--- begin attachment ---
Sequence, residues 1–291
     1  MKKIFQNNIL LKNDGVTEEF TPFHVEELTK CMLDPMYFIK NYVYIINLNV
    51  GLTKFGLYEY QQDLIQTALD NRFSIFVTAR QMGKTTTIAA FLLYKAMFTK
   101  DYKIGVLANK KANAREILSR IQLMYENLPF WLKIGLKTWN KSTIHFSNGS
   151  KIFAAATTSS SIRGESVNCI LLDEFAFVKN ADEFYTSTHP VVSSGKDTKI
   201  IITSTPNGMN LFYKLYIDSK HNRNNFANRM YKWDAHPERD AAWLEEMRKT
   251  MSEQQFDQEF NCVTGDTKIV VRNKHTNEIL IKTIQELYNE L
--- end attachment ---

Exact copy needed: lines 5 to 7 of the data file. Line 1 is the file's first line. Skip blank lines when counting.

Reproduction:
   151  KIFAAATTSS SIRGESVNCI LLDEFAFVKN ADEFYTSTHP VVSSGKDTKI
   201  IITSTPNGMN LFYKLYIDSK HNRNNFANRM YKWDAHPERD AAWLEEMRKT
   251  MSEQQFDQEF NCVTGDTKIV VRNKHTNEIL IKTIQELYNE L